According to Mother Jones, there’s a leaky member of the IPCC group that is working to finalize the synthesis report (SYR) of the Fifth Assessment Report (AR5) before this year’s COP20 to be held in Lima, Peru from December 1 – 12. The SYR is due to be approved by October 31, 2014 in Copenhagen, Denmark. Interestingly, some people with access to the draft report want to make sure that more people know about it before the U.N. Climate Summit, which will take place in about two weeks. (Read this Mashable article explaining the political, not legal, purpose of the Summit – “diplomatic jumper cables” to the UNFCCC negotiations – and analogizing it to a “cocktail party ahead of a formal dinner.”)
The draft SYR was recently posted to the IPCC page where “government focal points, IPCC observer organizations and other authorised users in the pre-registration site” can access it. Since our VLS NGO observer delegation is to the UNFCCC and not the IPCC, I don’t have access to this site.
But what MJ reports doesn’t strike this reader as all too different from the already approved and publicly released reports of Working Group I (on the physical science), WG II (on human and environmental impacts), and WG III (on mitigation approaches) released serially in October 2013 (see this post), and March (see this post and this one) and April of this year (see this post).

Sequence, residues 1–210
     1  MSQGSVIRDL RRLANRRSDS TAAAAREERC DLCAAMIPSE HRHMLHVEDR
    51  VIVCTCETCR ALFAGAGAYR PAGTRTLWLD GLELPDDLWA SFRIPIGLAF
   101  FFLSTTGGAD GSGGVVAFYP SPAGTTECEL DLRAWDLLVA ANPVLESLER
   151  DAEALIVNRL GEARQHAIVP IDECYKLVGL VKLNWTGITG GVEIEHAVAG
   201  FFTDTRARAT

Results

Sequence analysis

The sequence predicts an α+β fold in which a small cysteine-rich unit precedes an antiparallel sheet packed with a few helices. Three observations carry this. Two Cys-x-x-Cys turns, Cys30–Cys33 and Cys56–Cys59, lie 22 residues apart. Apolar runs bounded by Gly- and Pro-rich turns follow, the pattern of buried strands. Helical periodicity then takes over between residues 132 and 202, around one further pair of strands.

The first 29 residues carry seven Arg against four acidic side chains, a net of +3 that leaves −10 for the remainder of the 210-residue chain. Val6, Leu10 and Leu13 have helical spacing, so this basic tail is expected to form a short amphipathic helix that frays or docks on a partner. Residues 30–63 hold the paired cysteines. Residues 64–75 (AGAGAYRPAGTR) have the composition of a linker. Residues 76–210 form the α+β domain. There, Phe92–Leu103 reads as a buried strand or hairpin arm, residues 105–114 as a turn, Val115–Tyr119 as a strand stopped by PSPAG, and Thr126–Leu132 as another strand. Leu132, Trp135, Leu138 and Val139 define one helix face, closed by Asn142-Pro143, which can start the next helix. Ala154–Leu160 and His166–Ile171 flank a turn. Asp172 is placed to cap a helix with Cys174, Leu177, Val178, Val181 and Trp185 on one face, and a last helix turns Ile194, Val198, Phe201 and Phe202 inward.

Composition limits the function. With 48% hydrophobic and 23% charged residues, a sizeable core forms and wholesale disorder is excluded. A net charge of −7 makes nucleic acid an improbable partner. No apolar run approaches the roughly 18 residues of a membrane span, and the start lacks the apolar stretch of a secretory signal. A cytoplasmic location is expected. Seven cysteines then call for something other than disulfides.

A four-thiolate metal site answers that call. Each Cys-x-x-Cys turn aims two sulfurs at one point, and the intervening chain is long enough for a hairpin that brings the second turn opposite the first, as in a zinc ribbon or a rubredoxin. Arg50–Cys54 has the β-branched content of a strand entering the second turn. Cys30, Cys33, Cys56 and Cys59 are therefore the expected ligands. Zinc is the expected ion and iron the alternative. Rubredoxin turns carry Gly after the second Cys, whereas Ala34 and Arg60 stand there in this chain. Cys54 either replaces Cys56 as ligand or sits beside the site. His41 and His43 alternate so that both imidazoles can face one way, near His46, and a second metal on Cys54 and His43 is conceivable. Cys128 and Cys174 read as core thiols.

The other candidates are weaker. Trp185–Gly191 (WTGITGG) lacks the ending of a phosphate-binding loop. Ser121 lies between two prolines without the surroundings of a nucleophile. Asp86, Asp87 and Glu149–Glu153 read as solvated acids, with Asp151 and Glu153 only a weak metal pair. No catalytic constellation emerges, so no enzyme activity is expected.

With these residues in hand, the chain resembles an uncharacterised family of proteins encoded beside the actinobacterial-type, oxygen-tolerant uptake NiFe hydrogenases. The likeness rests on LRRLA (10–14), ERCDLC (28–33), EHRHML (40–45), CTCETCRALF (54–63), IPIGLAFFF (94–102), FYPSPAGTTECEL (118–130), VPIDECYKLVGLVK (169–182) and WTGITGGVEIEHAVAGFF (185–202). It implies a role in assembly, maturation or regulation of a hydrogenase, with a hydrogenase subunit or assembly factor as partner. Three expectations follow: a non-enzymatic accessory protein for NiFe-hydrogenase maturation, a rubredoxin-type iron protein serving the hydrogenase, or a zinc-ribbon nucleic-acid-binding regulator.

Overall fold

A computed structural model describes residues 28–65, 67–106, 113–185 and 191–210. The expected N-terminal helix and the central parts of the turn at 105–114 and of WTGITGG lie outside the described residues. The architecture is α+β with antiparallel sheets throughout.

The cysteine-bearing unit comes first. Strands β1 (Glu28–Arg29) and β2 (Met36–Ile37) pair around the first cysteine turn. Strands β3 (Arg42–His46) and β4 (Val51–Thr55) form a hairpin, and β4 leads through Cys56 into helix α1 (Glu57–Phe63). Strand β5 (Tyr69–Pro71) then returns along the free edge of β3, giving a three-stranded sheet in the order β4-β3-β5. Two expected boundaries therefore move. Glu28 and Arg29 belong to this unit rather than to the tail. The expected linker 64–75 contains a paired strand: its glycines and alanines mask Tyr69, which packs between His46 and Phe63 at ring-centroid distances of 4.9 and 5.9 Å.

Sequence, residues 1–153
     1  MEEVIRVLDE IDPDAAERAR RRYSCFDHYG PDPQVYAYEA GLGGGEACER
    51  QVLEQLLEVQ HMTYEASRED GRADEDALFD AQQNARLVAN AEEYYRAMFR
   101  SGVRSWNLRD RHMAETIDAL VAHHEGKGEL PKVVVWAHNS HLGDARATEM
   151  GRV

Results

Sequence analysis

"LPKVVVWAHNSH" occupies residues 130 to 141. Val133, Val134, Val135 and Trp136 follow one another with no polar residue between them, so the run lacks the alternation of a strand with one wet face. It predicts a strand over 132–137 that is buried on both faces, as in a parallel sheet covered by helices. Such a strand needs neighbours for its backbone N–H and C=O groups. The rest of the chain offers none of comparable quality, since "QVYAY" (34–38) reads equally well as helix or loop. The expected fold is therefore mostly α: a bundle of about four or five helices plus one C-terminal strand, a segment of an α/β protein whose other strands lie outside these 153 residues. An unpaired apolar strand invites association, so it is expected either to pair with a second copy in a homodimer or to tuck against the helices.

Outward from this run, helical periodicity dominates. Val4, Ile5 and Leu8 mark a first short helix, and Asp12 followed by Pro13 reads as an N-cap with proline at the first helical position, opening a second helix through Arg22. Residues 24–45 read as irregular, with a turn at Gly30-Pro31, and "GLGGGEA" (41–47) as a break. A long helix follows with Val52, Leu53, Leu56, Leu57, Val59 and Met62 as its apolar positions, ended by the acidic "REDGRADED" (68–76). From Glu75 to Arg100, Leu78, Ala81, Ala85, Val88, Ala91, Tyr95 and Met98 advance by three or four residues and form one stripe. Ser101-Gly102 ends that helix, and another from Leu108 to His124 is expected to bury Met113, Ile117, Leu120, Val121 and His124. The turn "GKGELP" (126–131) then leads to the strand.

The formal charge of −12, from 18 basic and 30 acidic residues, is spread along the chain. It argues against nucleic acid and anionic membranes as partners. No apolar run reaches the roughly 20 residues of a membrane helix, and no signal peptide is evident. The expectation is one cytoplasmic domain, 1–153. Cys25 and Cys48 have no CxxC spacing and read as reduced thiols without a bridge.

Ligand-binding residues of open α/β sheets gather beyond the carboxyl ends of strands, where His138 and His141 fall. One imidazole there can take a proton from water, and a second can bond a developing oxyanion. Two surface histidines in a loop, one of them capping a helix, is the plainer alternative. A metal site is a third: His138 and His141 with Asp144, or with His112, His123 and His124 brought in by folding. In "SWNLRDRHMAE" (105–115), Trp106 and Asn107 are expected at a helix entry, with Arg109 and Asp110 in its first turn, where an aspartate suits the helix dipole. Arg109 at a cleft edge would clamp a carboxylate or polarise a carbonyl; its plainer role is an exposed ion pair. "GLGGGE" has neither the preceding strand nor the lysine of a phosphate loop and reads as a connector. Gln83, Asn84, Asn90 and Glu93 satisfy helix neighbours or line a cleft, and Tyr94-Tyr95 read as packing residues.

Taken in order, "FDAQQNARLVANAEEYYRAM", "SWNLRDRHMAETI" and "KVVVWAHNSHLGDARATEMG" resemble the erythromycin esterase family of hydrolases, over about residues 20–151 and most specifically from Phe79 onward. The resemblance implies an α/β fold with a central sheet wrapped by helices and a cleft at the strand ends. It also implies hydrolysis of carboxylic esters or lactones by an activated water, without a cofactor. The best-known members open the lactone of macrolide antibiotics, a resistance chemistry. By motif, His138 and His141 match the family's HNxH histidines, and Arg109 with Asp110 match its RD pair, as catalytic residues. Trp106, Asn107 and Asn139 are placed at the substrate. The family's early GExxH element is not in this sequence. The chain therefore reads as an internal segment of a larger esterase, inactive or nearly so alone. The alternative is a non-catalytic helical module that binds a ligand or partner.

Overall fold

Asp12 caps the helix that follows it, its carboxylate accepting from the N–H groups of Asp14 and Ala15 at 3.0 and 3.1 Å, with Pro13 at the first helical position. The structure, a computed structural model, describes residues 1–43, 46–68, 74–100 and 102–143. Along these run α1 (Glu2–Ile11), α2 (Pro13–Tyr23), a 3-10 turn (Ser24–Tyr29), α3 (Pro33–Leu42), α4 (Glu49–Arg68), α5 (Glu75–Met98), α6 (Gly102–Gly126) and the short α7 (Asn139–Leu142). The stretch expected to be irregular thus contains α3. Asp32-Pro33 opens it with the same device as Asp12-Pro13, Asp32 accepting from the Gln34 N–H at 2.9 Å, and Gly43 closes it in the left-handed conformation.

While conceding this fact, the magazine asserts “in general, the 127-page leaked report provides starker language than the previous three, framing the crisis as a series of “irreversible” ecological and economic catastrophes that will occur if swift action is not taken.” Mother Jones reports on “five particularly grim” take home messages:
1. Our efforts to combat climate change have been grossly inadequate.
2. Keeping global warming below the internationally agreed upon 3.6 degrees Fahrenheit (above preindustrial levels) is going to be very hard.
3. We’ll probably see nearly ice-free summers in the Arctic Ocean before mid-century.
4. Dangerous sea level rise will very likely impact 70 percent of the world’s coastlines by the end of the century.
5. Even if we act now, there’s a real risk of “abrupt and irreversible” changes.
For more details, read here.
Hat tip to Carla Santos and BJ Schulte.